20 August 2009
DFID has supported the development of a joint statement in partnership with UNICEF, ILO, UNDP and civil society. The statement is released today and is designed to highlight the importance of child-sensitive social protection to poverty reduction. The Joint Statement aims to build international consensus for the effectiveness of child-sensitive social protection, particularly during this time of economic crisis. It points to the particular vulnerabilities that children and families face and outlines principles and approaches for undertaking child-sensitive social protection.
Social protection is generally understood as a set of public actions that address poverty, vulnerability and exclusion as well as providing a means to cope with risks throughout the life cycle. The statement highlights that social protection can increase the effectiveness of investments in health, education, water and sanitation as part of an essential package of services for citizens. Investing in social protection not only supports progress towards the Millennium Development Goals, it also has the potential to protect the poorest from shocks, such as instability in food prices or other essential commodities, and climate volatility.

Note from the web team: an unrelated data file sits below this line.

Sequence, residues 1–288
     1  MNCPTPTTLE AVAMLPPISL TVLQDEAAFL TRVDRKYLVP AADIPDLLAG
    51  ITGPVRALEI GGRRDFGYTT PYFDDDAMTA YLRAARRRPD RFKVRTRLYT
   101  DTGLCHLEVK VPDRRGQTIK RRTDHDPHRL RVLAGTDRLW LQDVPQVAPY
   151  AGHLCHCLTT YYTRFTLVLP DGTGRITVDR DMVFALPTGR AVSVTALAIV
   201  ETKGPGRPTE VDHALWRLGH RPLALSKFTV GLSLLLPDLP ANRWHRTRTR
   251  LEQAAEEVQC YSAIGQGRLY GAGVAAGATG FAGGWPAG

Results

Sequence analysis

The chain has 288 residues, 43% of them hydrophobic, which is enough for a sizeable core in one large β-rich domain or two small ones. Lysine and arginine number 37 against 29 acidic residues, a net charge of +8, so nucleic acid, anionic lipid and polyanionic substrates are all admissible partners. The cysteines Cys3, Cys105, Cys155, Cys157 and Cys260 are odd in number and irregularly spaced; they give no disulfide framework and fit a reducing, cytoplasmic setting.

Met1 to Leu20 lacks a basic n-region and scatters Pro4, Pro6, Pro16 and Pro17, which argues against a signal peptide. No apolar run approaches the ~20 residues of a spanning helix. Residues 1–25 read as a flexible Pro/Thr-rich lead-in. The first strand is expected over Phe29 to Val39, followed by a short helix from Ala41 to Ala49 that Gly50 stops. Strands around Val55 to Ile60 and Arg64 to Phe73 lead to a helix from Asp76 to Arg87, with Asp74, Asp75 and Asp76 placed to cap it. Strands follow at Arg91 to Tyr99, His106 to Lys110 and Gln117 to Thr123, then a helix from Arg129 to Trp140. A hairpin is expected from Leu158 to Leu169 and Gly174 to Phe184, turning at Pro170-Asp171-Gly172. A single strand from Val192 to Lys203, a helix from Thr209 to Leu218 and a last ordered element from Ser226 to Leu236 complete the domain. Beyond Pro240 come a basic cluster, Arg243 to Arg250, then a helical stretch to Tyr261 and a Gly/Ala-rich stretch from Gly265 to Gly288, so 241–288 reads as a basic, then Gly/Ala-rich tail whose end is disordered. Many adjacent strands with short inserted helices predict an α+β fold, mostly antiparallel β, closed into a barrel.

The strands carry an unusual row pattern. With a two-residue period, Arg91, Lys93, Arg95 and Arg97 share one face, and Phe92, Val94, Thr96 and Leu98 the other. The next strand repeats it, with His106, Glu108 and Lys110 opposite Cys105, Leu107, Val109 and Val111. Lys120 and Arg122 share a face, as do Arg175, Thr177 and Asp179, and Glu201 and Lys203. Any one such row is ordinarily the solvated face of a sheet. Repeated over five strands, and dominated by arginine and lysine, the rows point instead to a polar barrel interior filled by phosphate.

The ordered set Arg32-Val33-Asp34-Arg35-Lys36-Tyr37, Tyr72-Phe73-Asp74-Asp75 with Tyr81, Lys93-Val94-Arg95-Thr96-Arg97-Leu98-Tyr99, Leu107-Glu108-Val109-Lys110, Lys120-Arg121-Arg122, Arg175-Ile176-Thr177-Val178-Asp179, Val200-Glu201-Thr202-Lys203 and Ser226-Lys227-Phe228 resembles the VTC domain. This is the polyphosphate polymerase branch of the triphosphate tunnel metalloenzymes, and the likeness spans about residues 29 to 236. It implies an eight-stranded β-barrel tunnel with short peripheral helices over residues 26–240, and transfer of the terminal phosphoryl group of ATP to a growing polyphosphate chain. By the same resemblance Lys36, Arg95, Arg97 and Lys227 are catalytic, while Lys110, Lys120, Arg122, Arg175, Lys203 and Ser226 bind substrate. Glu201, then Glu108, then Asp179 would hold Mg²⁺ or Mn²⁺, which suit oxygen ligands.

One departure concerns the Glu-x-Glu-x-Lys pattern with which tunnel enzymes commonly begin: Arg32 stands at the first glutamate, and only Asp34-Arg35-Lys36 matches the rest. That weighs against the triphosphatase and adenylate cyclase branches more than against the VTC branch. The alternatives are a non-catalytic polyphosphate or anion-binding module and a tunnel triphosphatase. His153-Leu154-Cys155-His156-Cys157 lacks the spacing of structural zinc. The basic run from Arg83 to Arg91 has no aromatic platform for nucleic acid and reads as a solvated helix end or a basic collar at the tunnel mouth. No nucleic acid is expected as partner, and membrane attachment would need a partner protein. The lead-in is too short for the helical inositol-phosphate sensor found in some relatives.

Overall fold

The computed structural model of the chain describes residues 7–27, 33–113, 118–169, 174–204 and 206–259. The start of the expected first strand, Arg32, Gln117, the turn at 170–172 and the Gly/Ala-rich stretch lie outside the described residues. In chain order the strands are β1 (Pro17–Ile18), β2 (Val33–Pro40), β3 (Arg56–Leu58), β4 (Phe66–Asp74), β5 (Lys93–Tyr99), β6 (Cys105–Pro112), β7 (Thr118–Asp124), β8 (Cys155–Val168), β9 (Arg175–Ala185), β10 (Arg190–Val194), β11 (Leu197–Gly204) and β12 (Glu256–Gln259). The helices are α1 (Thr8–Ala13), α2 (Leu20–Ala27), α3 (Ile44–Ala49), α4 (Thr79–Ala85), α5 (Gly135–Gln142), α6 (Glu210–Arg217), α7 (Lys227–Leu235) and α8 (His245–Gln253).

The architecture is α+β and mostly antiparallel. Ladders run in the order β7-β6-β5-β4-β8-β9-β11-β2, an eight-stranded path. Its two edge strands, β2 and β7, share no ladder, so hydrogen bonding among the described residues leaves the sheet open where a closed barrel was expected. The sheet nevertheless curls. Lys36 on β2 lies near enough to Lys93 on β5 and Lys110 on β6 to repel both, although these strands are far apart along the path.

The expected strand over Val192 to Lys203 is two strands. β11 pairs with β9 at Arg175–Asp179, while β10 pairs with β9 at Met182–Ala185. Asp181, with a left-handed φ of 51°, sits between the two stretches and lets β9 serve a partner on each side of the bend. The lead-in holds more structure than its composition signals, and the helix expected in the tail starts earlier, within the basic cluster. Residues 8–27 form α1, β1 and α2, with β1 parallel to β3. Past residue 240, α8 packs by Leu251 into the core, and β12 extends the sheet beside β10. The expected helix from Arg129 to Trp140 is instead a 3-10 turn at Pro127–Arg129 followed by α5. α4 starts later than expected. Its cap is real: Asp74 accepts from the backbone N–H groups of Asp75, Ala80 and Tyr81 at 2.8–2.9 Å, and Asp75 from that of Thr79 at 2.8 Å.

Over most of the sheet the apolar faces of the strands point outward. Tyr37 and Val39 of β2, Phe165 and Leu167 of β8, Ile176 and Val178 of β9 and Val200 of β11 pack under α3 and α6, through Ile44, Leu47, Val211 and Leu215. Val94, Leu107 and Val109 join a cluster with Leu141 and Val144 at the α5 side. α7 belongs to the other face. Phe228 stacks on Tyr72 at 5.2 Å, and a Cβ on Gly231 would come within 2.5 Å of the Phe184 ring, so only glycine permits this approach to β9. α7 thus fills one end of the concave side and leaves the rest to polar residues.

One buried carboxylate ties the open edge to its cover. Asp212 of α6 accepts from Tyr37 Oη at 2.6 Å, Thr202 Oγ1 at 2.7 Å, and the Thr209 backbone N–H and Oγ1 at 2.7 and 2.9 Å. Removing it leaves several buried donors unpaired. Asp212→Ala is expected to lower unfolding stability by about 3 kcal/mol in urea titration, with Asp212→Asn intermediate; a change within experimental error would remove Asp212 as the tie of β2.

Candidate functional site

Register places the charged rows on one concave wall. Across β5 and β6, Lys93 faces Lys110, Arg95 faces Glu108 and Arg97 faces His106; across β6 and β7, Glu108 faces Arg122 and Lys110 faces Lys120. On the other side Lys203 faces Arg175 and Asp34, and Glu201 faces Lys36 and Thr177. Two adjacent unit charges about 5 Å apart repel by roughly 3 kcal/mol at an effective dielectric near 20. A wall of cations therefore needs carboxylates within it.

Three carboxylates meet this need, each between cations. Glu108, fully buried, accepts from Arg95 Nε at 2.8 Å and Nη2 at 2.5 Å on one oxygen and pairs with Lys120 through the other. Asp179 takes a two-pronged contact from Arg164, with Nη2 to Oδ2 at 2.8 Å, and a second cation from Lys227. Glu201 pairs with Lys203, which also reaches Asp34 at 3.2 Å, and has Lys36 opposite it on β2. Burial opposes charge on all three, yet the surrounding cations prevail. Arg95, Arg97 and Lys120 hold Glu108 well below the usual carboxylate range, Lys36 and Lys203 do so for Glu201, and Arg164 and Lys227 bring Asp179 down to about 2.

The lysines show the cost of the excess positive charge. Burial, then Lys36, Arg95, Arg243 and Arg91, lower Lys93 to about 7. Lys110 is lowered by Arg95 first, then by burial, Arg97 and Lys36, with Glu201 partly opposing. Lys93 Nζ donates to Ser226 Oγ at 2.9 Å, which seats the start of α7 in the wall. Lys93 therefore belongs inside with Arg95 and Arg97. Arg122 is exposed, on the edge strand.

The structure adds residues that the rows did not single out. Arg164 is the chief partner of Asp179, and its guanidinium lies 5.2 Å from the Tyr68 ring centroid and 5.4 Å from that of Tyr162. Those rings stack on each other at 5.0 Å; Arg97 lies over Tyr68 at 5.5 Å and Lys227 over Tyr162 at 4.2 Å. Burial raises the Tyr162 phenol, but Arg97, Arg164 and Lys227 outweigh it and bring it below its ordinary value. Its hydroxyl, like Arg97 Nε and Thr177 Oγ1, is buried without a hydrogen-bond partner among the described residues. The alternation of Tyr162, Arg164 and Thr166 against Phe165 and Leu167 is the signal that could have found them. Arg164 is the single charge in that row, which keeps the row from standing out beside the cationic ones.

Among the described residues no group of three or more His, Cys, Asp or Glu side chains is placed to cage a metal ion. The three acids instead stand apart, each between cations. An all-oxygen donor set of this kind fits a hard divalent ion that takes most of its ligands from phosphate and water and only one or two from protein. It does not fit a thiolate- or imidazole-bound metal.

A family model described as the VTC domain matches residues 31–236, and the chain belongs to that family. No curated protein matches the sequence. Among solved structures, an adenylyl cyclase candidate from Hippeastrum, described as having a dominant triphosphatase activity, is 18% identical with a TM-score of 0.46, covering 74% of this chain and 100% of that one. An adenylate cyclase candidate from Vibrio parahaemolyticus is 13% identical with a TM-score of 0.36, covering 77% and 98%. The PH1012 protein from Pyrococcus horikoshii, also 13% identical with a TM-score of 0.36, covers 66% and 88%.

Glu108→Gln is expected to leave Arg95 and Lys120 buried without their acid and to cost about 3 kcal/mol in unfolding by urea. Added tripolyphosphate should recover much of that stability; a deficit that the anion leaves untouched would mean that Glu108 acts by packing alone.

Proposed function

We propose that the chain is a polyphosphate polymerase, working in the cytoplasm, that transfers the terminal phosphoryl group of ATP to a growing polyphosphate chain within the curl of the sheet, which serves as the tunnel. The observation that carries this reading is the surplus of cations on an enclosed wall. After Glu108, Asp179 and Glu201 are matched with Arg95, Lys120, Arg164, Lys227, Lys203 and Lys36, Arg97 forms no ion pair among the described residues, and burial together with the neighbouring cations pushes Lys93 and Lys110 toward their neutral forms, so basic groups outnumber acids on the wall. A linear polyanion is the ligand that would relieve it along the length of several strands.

The joint statement aims to build policy coherence and better delivery, and to support further dialogue and lesson learning among stakeholders. For more information visit www.unicef.org/socialpolicy
In the new White Paper, Building our Common Future, the UK has committed to support 50 million more people through social assistance and related measures. DFID works together with a large number of partners - governments, civil society organizations, the private sector and international agencies - to help deliver social protection programmes as a response to chronic poverty and current and future crises. Lessons from previous crises highlight that failure to effectively protect the poorest households from adverse shocks in the short term wipes out key development gains in health, nutrition and education for children.